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Ethical Violations Lead To Jail Essay

1229 words - 5 pages

Human beings are born with the consciousness of knowing right from wrong. When making choices people use ethics, values, and morals to guide them throughout their daily lives. So what makes a person choose to commit an ethical wrong against another person? Or what makes a person do what is ethically right? One way to help people make the right decisions is to have an ethics committee in each state that provides laws with ethic guidelines to regulate behavior and consequences. Most government agencies have an ethics committee that they send all alleged violations, but the committee does not have the authority to send someone to jail. Each state should pass a new bill, so if an ethical violation is committed then the penalty should be severe enough that the person who committed the ethical wrong would not want to commit another violation.
Not many people agree with a new bill to enforce every violating a person can commit. Richard Foglesong, a professor of politics at Rollins College, disagrees with a new ethical bill that lays out the law in detail. Foglesong states, “First [the government] should not begin by identifying every imaginable ethical violation and writing a law against it. Rather, they should take an educational approach, adopting an ethics mission statement that is value-based rather than punitive, saying what public officials should do instead of what they should avoid.” The mission statement would be a start, but we still need more. After we come to an educated conclusion that a value of ethics was violated, then what? What good is a mission statement going to be, if we have no law to penalize the violators? What about the actual law that a person has violated? We need to hold the violator responsible for hurting the other person or the public. We need a new bill passed to give the ethics committee authority to hold violators responsible.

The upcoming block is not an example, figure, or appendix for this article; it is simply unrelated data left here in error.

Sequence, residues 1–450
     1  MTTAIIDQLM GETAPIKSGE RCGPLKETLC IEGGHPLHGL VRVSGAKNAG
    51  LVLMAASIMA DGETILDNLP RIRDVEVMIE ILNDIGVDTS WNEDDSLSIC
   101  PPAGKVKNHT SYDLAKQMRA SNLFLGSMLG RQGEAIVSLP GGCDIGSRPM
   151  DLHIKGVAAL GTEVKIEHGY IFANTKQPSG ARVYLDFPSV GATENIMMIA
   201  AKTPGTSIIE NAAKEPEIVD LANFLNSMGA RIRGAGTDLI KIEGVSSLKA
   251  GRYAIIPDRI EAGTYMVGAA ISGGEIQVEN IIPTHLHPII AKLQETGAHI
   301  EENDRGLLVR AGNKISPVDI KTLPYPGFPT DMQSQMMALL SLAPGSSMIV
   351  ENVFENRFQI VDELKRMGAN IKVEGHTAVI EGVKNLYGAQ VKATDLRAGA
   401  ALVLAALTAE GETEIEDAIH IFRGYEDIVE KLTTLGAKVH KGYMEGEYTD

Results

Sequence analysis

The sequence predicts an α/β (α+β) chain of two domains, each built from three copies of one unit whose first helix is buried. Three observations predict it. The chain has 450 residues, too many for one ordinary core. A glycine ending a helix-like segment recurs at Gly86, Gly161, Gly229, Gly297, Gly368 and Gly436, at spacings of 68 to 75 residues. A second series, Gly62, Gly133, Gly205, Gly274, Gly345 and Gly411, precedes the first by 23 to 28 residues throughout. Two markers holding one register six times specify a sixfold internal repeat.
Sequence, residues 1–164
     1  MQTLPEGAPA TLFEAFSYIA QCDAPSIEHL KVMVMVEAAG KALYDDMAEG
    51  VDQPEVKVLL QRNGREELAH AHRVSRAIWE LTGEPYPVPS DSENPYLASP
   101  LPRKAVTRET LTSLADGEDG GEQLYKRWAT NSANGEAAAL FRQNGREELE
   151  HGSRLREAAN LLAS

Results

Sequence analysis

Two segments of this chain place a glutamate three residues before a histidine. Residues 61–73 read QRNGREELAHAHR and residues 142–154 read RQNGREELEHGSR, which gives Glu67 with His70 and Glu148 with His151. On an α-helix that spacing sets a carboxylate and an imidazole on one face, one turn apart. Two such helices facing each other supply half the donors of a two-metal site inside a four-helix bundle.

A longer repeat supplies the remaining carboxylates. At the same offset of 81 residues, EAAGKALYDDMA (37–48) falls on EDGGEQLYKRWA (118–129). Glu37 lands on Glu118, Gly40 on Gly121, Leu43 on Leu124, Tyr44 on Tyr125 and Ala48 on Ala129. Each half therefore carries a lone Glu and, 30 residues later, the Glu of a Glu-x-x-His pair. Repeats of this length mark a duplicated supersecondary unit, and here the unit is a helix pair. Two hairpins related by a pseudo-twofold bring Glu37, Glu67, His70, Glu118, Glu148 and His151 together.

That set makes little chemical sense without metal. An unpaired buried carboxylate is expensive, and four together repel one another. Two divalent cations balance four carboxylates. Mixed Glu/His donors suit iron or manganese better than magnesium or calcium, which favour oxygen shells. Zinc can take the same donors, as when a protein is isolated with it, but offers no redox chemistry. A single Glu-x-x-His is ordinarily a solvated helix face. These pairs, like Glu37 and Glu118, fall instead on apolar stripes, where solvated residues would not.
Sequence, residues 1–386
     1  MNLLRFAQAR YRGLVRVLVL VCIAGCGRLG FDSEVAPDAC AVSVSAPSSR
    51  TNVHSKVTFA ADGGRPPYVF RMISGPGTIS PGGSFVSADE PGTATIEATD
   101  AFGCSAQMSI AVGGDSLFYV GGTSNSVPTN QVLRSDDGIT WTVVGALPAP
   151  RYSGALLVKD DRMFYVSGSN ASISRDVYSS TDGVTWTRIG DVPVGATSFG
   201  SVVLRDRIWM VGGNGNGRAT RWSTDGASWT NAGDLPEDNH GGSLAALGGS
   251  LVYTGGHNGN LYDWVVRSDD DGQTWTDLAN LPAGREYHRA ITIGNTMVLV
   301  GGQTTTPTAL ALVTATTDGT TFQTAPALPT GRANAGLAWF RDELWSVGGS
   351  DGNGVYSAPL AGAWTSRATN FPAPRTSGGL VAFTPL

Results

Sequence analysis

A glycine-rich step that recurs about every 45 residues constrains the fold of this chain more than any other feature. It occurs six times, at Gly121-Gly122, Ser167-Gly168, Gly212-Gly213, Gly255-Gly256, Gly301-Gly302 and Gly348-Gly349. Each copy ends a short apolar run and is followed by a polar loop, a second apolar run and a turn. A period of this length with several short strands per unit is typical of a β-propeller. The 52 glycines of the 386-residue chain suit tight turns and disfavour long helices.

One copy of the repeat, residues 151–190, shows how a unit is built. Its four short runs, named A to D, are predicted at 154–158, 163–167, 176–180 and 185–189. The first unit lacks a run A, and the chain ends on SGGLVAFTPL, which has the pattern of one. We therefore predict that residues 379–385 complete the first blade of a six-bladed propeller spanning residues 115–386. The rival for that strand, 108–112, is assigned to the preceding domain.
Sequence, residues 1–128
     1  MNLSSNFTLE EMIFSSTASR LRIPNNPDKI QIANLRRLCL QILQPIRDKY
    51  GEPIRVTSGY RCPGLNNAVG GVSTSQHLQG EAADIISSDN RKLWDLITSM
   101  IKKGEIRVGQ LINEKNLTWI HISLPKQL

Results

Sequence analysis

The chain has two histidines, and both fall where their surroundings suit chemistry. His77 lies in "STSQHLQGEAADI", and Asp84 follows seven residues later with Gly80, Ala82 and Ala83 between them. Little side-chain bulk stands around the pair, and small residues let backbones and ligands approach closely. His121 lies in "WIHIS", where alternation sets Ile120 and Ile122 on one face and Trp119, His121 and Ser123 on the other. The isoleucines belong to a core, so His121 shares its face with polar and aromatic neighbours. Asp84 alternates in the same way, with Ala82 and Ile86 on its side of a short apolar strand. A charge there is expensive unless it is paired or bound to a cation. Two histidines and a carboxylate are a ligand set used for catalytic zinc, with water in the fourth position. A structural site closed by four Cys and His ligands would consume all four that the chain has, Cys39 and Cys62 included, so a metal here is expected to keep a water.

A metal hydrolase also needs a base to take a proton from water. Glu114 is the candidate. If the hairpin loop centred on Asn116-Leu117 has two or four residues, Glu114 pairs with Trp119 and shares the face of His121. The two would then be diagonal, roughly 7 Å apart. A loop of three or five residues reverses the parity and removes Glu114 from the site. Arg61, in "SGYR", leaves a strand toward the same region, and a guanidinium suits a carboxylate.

I want the legislature to get creative with the penalties; they should either get jail time or pay a substantial fee. Recently, in the St. Petersburg Times, an editorial came out about House Speaker Ray Sansom accused of building a six million dollar airport hanger disguised as a college building (“Samson Scandal”). I just have to say using the school boards money for personal uses is wrong on so many levels. Ray Sansom should have known the difference between right and wrong. He just chooses to look the other way, so he and his friends can benefit personally from the building of the airport hanger. The case was dropped by the state attorney, but I would have wanted them to go all the way with an actual verdict (“Samson Scandal”). The state attorney was probably asked to drop the case from another one of Mr. Sansom’s state appointed friends. The college penalized Sansom by making him pay back $103,000 to the college. The college also made him resigned from his job and asked him to leave his House seat (“Samson Scandal”). I do not think the penalties are great enough, because Sansom “insists...

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